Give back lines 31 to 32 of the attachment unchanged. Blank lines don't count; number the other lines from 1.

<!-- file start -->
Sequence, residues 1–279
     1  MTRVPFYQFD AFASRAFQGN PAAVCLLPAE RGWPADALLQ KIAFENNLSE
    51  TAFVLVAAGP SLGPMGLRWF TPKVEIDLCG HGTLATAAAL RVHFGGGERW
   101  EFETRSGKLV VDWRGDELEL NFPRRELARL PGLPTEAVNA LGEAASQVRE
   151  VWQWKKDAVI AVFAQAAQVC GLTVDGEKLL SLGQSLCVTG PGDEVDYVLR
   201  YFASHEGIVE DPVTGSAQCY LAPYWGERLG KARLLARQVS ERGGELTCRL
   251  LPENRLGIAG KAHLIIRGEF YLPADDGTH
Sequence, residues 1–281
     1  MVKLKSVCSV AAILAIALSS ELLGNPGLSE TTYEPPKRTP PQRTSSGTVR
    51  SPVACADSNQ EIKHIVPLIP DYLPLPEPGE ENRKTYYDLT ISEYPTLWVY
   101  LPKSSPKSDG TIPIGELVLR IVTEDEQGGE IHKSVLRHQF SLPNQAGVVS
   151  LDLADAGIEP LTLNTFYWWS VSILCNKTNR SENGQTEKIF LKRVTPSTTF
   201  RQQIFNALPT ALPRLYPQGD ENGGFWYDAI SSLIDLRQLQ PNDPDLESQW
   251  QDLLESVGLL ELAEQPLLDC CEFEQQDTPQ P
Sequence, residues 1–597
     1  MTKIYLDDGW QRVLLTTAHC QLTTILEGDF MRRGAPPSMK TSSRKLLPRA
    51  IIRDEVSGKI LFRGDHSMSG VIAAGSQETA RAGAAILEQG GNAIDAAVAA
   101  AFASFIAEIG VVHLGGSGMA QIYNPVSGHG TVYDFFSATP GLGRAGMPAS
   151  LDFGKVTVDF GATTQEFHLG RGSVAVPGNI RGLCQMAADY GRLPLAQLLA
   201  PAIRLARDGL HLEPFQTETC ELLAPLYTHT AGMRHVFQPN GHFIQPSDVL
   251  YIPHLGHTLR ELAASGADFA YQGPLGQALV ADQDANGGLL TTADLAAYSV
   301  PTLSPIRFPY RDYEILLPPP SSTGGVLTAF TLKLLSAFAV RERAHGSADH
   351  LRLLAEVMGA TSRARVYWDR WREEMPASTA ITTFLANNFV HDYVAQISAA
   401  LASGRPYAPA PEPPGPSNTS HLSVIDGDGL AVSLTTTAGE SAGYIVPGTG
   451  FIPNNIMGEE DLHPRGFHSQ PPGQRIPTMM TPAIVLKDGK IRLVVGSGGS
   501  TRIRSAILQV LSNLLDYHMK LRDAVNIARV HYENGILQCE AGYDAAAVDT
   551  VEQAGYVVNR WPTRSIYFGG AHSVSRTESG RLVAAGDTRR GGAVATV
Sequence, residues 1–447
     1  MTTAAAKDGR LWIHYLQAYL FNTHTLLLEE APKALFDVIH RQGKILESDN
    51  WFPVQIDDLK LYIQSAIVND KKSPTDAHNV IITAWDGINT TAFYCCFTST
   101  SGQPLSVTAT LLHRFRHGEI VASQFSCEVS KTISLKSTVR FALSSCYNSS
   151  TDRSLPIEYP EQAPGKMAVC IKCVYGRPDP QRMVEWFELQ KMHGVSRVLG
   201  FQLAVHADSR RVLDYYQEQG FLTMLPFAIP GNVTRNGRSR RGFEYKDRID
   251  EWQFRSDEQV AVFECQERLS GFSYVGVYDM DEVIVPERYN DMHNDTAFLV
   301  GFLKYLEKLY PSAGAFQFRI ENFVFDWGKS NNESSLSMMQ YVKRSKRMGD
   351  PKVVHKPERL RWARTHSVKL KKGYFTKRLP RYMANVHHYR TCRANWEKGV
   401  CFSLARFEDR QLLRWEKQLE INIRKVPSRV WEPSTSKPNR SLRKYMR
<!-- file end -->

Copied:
   101  SGQPLSVTAT LLHRFRHGEI VASQFSCEVS KTISLKSTVR FALSSCYNSS
   151  TDRSLPIEYP EQAPGKMAVC IKCVYGRPDP QRMVEWFELQ KMHGVSRVLG